ACCESS 27, Fall 2005

ACCESS 27, Fall 2005

Opinion: In Praise Of Diversity

Paul Craig

The car has massively transformed physical and cultural aspects of every advanced society. It has enriched our society enormously. It has also cost us heavily and become a victim of its own success. External factors play growing roles. It seems likely that gasoline prices will remain high and that supplies will remain uncertain. Global climate change is becoming serious. So, it’s time to move ahead—to develop transportation systems for the 21st Century. The devastation in New Orleans makes that unfortunate city a good place to start. It’s going to be rebuilt, and that should be done with a view to the next century, not the last.

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What We’ve Learned About Highway Congestion

Pravin Varaiya

There are 26,000 SENSORS buried under the pavements of California freeways. Every thirty seconds, those sensors send data to our computers here in Berkeley. The data tell us about the number of cars driving on that freeway and their speed at that time. We also collect, process, and store data about collisions and other incidents. This database, PeMS (Performance Monitoring System), is now by far the most comprehensive source of information about California highways. Today it stores four trillion bytes of information, which are available online at We’ve already learned quite a lot from all those data. For example, we’ve found the error in the old belief that an average speed of 40 to 45 mph maximizes traffic capacity; we now know for a fact that maximum capacity occurs at around 60 mph. And we’ve been surprised to discover that some HOV lanes may have the perverse effect of actually adding to congestion.

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The Transition To Hydrogen

Joan Ogden

Of all alternatives to gasoline fuels, hydrogen offers the greatest long-term potential to radically reduce many problems inherent in transportation fuel use. For example, hydrogen could enhance energy security and reduce dependence on imported oil, since it can be made from various primary energy sources, including natural gas, coal, biomass, and wastes, and from solar, wind, hydro, geothermal, and nuclear energy. Also, hydrogen vehicles have zero tailpipe emissions and are very efficient. If it is made from renewable sources, nuclear power, or fossil sources with carbon emissions captured and sequestered, hydrogen use on a global scale could produce nearly zero greenhouse gas emissions and greatly reduce emissions of air pollutants.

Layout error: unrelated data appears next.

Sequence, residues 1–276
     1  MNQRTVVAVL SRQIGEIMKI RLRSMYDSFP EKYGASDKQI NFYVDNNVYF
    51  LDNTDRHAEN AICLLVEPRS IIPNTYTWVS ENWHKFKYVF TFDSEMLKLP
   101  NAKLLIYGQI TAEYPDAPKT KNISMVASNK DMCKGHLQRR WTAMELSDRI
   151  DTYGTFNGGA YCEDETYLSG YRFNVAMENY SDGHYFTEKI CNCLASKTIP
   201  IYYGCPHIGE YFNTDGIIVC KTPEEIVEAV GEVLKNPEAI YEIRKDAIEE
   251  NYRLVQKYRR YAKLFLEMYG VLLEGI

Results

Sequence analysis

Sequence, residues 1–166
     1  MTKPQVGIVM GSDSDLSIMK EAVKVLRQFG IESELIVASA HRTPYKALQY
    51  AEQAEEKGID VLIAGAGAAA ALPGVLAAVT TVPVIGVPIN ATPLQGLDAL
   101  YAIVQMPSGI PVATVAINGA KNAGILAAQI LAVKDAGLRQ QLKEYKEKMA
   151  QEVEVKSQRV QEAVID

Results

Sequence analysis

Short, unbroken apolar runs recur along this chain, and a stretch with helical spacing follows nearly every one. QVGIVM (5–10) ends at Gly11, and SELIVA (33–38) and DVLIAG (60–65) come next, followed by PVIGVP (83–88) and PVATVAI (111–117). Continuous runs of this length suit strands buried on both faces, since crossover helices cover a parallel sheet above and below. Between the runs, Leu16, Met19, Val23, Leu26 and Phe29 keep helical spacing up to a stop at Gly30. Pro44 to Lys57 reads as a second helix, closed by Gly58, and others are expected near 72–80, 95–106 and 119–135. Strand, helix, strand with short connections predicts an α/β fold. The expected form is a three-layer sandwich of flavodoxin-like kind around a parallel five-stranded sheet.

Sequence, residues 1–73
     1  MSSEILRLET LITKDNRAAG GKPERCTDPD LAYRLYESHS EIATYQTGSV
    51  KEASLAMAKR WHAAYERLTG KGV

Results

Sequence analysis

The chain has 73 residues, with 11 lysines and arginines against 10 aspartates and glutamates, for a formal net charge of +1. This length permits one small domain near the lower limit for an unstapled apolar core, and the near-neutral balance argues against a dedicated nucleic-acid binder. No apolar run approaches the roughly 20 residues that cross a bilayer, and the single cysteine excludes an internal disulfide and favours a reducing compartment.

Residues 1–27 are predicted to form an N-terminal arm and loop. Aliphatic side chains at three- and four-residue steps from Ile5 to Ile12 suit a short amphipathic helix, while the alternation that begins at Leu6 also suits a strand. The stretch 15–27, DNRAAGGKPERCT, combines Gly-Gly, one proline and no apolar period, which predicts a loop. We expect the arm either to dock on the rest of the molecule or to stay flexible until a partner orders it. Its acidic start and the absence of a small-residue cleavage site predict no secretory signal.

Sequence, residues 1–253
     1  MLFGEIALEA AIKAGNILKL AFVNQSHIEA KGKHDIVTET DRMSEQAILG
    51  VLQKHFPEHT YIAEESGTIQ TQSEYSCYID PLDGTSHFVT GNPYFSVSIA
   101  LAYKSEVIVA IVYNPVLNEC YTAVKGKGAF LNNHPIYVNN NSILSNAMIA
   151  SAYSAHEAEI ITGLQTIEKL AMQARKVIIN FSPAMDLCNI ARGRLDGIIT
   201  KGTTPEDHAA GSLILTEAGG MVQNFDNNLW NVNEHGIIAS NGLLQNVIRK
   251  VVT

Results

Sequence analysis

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2017-05-30T22:28:44+00:00Categories: ACCESS 27, Fall 2005|Tags: , |

Hydrogen Highways

Timothy Lipman

The state of California has for many years been at the vanguard of environmental and energy policies, creating strict standards that have afterwards been adopted by other states. Today is no different. Despite a severe budget crunch, California Governor Arnold Schwarzenegger has recommitted the state to a variety of clean energy goals, including deregulation and liberalization of electricity markets, increased energy efficiency in new and retrofit state buildings, and reductions in greenhouse gas emissions. The state has also outlined a major solar-power initiative and a Renewable Portfolio Standard that sets goals for producing electricity from renewable sources. And in pursuit of the elusive zero-emission vehicle — the ZEV — the governor has called for California to take a leading role in advancing the commercialization of hydrogen-powered vehicles with the “California Hydrogen Highway Network.”

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2017-05-30T22:28:54+00:00Categories: ACCESS 27, Fall 2005|Tags: , |

Progressive Transport And The Poor: Bogotá’s Bold Steps Forward

Robert Cervero

Bogotá, the Andean capital of Colombia and home to some seven million inhabitants, is widely recognized for having mounted one of the most sustainable urban transport programs anywhere. In 2000, the city began operating a high-speed, high-capacity bus system, called TransMilenio, building upon the experience of Curitiba, Brazil’s much-celebrated success with dedicated busways. Bogotá’s leaders went one step further, giving investment priority to pedestrians, followed by bicycle facilities, then public transit, and lastly cars (i.e., inversely to travel speeds).

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Innovations In Traffic Modeling

Frank S. Koppelman

The study of travel behavior attempts to understand why, when, where, how, and with whom people travel. It then tries to predict how they will travel in the future. Predictions depend on the design and operation of future transportation systems and on changes in population characteristics. Thus, they are useful tools when choosing among alternative designs for future transportation services and sizing facilities to meet future demands.

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